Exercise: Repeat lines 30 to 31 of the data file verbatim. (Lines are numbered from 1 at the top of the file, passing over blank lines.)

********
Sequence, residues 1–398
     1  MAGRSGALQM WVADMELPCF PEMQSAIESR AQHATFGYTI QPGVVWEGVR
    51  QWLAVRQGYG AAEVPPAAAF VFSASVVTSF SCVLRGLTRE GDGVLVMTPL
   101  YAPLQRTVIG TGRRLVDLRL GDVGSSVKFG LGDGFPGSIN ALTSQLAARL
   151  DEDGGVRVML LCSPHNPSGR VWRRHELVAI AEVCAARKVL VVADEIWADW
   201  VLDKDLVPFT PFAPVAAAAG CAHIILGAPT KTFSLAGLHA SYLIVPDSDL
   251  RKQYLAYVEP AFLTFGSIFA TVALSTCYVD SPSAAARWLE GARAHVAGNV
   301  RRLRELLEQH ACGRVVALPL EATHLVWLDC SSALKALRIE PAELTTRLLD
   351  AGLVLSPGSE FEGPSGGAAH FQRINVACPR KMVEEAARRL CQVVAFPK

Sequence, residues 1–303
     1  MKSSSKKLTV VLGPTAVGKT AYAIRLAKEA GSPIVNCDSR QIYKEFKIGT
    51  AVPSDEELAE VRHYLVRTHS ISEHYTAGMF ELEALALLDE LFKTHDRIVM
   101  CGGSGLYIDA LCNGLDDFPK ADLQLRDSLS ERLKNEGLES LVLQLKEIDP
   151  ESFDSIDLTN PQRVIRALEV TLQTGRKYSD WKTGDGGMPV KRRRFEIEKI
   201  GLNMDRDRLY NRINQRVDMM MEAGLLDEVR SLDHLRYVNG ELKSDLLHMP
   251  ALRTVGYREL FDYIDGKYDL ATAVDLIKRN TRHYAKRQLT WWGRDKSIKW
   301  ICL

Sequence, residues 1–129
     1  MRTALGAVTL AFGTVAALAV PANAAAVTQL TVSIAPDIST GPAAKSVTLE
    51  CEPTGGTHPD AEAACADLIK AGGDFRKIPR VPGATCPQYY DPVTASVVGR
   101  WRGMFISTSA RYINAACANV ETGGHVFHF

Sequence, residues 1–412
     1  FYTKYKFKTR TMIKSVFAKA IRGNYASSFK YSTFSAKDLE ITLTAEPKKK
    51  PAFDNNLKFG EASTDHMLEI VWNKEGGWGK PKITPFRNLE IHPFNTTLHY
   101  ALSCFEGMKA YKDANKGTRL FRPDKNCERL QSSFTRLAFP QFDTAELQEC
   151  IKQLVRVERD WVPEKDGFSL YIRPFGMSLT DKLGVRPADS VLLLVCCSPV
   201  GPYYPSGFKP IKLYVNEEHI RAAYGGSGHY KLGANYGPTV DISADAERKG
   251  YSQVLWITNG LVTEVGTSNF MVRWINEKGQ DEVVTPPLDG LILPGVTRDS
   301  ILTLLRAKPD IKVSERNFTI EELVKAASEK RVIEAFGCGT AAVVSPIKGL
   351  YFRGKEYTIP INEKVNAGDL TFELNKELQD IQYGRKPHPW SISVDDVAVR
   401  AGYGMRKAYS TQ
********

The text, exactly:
   351  YFRGKEYTIP INEKVNAGDL TFELNKELQD IQYGRKPHPW SISVDDVAVR
   401  AGYGMRKAYS TQ